9. Interesting. So perhaps one could infer from the fact that he did not drop the "Rabbi" title that he was skeptical of the story.

  10. If memory serves, the dybbuk related similar tales about a great number of senior members of the Jewish community of Damascus. Elsewhere in the work, R. Chaim makes some oblique references to some years spent 'off the path' himself during his twenties. Perhaps 'chareidi' conceptions of 'perverts' and 'lowlives' is simply out of touch with reality.

    In any case, R. Chaim only confirms the last detail of the first paragraph, and most likely didn't identify with the generalizations at the beginning.

  11. "Question: Why in the world would R. Hayyim refer to someone he considered to be such a lowlife as ר"י - i.e. Rabbi Israel? Shouldn't "rabbi" get dropped? "

    ר"י does not really mean "Rabbi," in our tradition. Pretty much any slightly notable person will get at least that. Usually you can infer a not-very-high opinion if only an 'ר was used, not even a 'כהר.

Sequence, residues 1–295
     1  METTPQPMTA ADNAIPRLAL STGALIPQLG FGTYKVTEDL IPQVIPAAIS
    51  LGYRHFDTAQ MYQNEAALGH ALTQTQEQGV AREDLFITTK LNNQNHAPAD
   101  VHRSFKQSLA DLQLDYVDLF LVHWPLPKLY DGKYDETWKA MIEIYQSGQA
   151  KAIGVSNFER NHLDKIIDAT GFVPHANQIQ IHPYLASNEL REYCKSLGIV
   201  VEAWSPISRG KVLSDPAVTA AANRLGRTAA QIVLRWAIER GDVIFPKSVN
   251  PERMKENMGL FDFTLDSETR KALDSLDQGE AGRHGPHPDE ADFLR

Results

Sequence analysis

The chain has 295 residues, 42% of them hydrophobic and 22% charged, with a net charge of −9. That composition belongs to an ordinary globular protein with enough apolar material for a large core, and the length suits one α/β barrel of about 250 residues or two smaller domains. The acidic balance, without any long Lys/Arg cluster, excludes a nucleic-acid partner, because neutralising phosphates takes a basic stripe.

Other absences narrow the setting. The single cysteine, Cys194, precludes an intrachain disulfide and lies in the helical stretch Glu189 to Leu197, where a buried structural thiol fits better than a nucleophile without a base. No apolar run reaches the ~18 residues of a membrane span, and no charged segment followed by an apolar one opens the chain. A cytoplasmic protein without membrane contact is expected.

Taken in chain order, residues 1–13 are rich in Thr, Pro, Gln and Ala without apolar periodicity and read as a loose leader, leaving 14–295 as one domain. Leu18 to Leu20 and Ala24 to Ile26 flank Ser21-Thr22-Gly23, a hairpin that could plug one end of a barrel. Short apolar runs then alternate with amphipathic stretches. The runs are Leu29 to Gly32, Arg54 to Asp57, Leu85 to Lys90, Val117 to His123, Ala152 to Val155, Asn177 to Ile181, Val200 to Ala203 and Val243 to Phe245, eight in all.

12. S. -

    רמ"א, רש"ל, רש"א?

    I know some are spelled with the added 'מה but these aren't uncommon.

    Anyway, you are saying that all it means is that he was slightly notable. But if the stories of the dybbuk were accepted to be true, do you think R. Hayyim would even consider him that?

  13. It's hard to draw hard fast rules. We can give exceptions to everything. You say "Gr"a" and I say "Chid"a." You say Rabbenu Hakadosh and I say Godol merabban shemo, etc.

    But in general, people who are not hedyotos who are discussed in seforim are always given a 'ר at least. You're right, someone who is really, really, really a rasha will lose it (e.g., Shabtai). But just about everyone who ever said something negative about R. Azarya de Rossi, as an example, will at least put a ר. That's also why people who make too much out of even the Chasam Sofer calling Mendelssohn "Ramad" are really missing the point. No, he didn't mean "Rasha" and no, it isn't some high encomium. That's just how rabbis wrote.

    So yes, I think R. Hayyim would have used that even if he thought they were true. Actually, I think if he thought highly of him he would have written something at least more flowery. Perhaps it doesn't indicate that he thought it was true, but I bet it indicates that he didn't think very much of him.